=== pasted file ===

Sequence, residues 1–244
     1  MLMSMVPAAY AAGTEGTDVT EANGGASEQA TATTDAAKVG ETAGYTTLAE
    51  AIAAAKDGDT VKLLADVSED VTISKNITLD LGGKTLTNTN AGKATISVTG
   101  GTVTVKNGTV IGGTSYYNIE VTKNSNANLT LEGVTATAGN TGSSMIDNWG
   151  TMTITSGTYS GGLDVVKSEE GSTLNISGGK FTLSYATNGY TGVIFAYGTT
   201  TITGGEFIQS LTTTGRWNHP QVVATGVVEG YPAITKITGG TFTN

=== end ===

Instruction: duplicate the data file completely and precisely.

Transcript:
Sequence, residues 1–244
     1  MLMSMVPAAY AAGTEGTDVT EANGGASEQA TATTDAAKVG ETAGYTTLAE
    51  AIAAAKDGDT VKLLADVSED VTISKNITLD LGGKTLTNTN AGKATISVTG
   101  GTVTVKNGTV IGGTSYYNIE VTKNSNANLT LEGVTATAGN TGSSMIDNWG
   151  TMTITSGTYS GGLDVVKSEE GSTLNISGGK FTLSYATNGY TGVIFAYGTT
   201  TITGGEFIQS LTTTGRWNHP QVVATGVVEG YPAITKITGG TFTN